Born to a Kenyan/Malian diplomatic parents, Charity Keita spent her childhood hanging out in kitchens in the various countries her dad was assigned to. With this food knowledge came the great responsibility of sharing it with the world.
I had a dinner party the other night. My guests were one of those typical Nairobian inter- national assortments: some Kenyans, an Ethiopian and an Italian/British couple thrown in for colour (I’m kidding of course: Gior- gio and Bella, no dinner would be complete without your scintillating conversation). My buddies Sheila and Njoroge recently announced their engagement (via WhatsApp, is there any other way?) so we had planned to make our weekly dinner a celebration of the happy news.
Let me provide a bit of back- ground: we are a bunch of close- knit foodie friends. When we are not eating food, we are probably talking about it. We love food, we love drink, we love to go out to restaurants but above all we love to cook and share the conviviality that comes with eating together. Every week, one of us takes it upon themselves to cook for the rest of the group. We are not, may I add, members of the Nairobi Expat Food Lovers Facebook group because when it was launched, we all decided that we were not comfortable being part of a foodie group that defines itself by the expat identity of its members. I mean seriously, I get Nairobi Social Expat – you’re new in town and want someone to hang out with; I also get Nairobi Expat Housing – you want to have people with similar life experiences to share your living quarters with. But Nai- robi Expat Food Lovers? Really? Is the implication that Kenyans could never be food lovers? The group is at best discriminatory/elitist and at worst racist. But I digress.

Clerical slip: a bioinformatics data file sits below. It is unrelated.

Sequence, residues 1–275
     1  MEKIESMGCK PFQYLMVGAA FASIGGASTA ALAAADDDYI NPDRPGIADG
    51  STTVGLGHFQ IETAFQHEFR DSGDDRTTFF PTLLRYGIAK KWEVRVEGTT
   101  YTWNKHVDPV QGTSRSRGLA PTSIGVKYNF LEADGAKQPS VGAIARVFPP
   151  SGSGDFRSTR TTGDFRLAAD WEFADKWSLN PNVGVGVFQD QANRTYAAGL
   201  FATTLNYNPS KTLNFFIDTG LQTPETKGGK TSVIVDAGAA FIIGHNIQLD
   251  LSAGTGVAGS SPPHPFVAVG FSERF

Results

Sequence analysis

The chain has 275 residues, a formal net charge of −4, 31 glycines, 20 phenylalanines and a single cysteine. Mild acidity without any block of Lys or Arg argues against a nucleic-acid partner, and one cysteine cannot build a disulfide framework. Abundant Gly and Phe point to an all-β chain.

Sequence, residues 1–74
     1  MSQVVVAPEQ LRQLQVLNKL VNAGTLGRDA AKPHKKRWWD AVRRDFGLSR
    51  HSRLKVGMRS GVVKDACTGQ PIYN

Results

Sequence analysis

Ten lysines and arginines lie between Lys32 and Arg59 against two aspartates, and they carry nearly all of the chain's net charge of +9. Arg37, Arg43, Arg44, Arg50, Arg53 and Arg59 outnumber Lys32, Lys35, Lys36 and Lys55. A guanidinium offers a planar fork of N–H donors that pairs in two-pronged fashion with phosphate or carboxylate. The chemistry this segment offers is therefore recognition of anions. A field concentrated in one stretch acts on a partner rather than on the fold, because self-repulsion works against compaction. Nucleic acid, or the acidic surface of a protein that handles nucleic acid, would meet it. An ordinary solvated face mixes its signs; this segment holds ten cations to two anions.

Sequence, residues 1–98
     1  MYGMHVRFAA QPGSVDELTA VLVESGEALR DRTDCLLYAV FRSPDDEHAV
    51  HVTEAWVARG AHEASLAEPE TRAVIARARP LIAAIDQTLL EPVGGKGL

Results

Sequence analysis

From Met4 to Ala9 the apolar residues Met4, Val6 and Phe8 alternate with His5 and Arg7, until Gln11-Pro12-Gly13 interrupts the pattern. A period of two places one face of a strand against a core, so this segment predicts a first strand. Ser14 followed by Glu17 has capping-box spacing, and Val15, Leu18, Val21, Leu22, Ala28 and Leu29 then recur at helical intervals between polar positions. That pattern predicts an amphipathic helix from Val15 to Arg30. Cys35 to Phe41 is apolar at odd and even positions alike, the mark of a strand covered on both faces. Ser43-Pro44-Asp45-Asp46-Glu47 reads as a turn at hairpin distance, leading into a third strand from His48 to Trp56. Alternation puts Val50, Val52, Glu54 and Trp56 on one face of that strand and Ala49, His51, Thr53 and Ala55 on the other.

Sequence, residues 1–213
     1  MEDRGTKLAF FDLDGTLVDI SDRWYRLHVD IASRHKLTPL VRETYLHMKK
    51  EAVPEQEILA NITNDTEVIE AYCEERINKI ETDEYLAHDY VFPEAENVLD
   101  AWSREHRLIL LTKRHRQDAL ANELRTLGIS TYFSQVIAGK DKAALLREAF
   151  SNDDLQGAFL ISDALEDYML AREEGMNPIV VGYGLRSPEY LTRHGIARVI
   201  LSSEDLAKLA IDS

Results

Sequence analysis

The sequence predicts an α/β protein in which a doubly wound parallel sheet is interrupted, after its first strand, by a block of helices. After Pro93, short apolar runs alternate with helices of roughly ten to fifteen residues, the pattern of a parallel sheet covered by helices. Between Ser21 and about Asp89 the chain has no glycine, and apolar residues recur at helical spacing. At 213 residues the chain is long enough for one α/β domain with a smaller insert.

My mission for the night was to make a Kenyan meal with an Italian twist. Everyone is always so focused on international cuisine, that they forget that with a bit of imagination, our food too can be adapted into something worthy of world-class gourmets. After some thought, I settled on a menu of Os- sobuco (cross-cut veal shanks) and Ugali, with a side of sukuma wiki and those lovely Kenyan cherry tomatoes that have begun appear- ing in my local veg shop. So I proceeded with an Italian style stew: brown the meat, fry up the onion and carrots, stick in a bunch of white wine, reserve a glass for yourself, throw in a bay leaf and let it bubble away for however long it takes. For the ugali, I took inspiration from an article that was featured on upnairobi. com earlier this year and went with the creamy option that involved cooking it in milk instead of water and adding a stock cube, butter and turmeric powder for colour. The sukuma was cooked in olive oil that I’d infused in garlic, chilli and anchovies and the tomatoes I threw in towards the end, so they would stay whole and pop hot and juicy when you bite down on them. So there we were, it’s dinner time, everyone is sat around the table when it dawns on me: we forgot the bubbly! This kind of put a spanner in the works because I had a long toast lined-up and it just didn’t feel right doing it with Leleshwa red. Luckily, neither Sheila nor Njoroge had been told about the celebratory angle, so they were none the wiser as they carved a slice of creamy ugali from the serv- ing dish. “Ooh!” the group exclaimed in unison, as they noisily sucked mar- row out of the bones, “who knew ugali with stew could be so nice!” I smiled, smugly. Next time I’ll hit them with my famous Spaghetti Chinoise. Come back soon!